Rules for Writers and Money (and everyone else too)

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Rules for Writers and Money (and everyone else too)

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You will find a lot of popular content all about how to make money. There are a lot of random blog articles about HOW I MADE 8 TRILLION DOLLARS IN PASSIVE INCOME A MONTH or 22 AWESOME PASSIVE INCOME IDEAS.

Which is lovely. But a lot of us writers are thinking, “What are these even talking about?”

What Is Passive Income?

Passive income is money that happens and builds from things that already exist. They can be from investments (like you rent a room in your house or an entire house or you open a savings account or CDs). It can also come from the investment of effort and time in something you build. This could be a YouTube channel or your eBook once it’s up and running. It could be affiliate marketing or selling prints of your art.

What is Active Income?

Active income is money that someone pays you when you do something for them that’s a service. It can be your salary at the grocery store. It could be an hourly wage at a bookstore. It could be a commission. It could be a tip.

So what’s all this have to do with writing?

According to a study by the Authors Guild, the average full-time writer’s median pay was $20,300 in 2017. That’s full-time. For most of us that’s not a big ton of money. There’s no real standardization of pay and that number doesn’t account for pay discrepencies for sex and race.

On Publishers Lunch, Erin Somers, looks at average earnings instead and wrote,

“For the 63 percent of authors who reported receiving book related income in 2017, the average total income was $43,247, which paints a very different picture . Over 2,000 authors had average publisher royalties of almost $32,000; close to 1,700 self-published authors reported royalties of just over $31,000, and a smaller group of about 700 authors also had average ebook subscription service earnings of over $13,000.”


But that’s only the writers who actually survived and didn’t give up. About a quarter of the authors that the guild surveyed received no money at all from book activity that year.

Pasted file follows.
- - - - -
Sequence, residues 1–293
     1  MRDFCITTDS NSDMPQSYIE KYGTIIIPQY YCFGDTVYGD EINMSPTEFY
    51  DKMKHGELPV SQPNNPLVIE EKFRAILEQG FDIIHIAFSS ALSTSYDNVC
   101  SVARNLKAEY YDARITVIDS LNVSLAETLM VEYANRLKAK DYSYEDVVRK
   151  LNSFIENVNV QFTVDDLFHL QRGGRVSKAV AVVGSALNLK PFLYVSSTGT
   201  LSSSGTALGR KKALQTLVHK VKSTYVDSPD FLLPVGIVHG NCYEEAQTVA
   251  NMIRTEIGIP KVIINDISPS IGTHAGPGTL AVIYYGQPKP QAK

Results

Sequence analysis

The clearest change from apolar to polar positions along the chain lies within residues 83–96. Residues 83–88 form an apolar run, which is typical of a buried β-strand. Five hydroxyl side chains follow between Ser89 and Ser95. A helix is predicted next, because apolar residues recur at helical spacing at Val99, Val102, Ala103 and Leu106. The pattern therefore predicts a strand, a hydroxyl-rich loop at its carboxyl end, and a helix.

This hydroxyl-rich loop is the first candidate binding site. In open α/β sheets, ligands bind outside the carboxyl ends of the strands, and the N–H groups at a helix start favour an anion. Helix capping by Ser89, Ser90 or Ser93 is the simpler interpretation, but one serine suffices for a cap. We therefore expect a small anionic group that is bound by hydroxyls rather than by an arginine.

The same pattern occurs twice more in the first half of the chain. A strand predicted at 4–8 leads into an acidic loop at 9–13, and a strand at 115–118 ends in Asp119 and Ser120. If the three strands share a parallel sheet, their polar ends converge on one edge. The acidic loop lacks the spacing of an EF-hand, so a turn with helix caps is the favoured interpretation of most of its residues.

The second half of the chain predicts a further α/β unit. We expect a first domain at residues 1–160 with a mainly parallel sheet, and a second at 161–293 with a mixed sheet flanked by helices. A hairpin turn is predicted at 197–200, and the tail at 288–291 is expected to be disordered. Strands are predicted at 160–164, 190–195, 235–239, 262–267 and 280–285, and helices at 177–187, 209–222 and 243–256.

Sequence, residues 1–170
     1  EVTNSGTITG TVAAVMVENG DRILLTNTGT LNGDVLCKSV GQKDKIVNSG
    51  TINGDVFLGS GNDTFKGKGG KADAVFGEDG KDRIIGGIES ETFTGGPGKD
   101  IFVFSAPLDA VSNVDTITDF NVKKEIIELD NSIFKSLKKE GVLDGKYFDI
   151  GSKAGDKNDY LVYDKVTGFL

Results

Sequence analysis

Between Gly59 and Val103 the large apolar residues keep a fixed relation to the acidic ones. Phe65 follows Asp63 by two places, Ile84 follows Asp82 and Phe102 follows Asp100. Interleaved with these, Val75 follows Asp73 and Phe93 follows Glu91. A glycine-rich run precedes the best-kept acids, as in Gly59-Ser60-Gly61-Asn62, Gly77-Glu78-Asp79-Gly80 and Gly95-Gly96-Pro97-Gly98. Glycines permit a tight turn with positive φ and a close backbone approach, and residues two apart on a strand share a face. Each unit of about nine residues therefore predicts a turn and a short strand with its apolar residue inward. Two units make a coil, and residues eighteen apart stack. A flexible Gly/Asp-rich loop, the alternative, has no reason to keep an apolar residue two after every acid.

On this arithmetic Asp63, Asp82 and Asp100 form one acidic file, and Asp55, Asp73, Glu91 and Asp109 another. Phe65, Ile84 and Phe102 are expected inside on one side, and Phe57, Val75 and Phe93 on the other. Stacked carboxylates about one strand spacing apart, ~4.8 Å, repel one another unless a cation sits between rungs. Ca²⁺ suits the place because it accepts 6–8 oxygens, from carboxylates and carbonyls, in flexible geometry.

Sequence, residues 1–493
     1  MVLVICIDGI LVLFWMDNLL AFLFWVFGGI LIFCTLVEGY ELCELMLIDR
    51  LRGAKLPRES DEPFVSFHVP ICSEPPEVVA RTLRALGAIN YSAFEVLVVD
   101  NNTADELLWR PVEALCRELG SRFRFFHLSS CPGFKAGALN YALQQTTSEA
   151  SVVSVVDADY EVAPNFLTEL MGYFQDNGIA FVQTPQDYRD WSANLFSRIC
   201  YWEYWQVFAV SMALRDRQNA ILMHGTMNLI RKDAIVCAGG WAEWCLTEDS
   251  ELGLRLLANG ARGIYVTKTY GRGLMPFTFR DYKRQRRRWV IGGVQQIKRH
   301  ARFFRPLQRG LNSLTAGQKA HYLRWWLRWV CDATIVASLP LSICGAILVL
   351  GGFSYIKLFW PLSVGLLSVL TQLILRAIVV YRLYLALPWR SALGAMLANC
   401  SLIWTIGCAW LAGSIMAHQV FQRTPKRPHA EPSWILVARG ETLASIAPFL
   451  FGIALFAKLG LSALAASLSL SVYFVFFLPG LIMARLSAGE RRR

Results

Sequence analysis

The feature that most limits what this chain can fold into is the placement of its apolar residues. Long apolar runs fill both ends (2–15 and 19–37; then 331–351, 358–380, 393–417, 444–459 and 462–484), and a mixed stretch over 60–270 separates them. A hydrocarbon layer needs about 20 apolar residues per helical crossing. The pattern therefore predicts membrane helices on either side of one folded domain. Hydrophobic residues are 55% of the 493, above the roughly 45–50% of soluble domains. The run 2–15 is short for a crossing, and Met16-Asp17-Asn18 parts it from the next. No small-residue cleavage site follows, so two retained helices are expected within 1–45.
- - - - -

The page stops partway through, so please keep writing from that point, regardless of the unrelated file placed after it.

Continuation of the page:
So, yes, most of us writers have to have other sources of income outside of writing. And that my friends, is why we’re writing this blog.

Being constantly terrified of not making money makes me, Carrie, a stressed-out writer who sometimes worries more about money and profitability than the actual craft. And a stressed-out Carrie equals a cranky Carrie. Nobody wants a cranky author.

So here are some examples of passive income investments when you have money to spend

  • Buy an investment property and rent it.
  • Invest in a high-yield savings account.
  • Check out crowdfunded real estate with REITs. Sites like Fundrise are a great place to start.
  • Peer-to-peer lending like on the Lending Club where you can loan money to others and get a return.

Examples of passive income investments that are more initial work than initial money.

  • Affiliate marketing on your blog. When people click through an ad that’s on your blog, you get a commission when they buy something that’s affiliated with that link.
  • YouTube – if you get a big enough following you can monetize your YouTube channel and have ads during your content.
  • Create an Online Course – Teachable and Udemy are great places to show off your skills.
  • Sell your art prints or your photos. Shutterstock Is a great resource for photographers.
  • Make an eBook – Seriously, especially if it’s nonfiction.
  • Rent out some storage space or your car or a room in your house.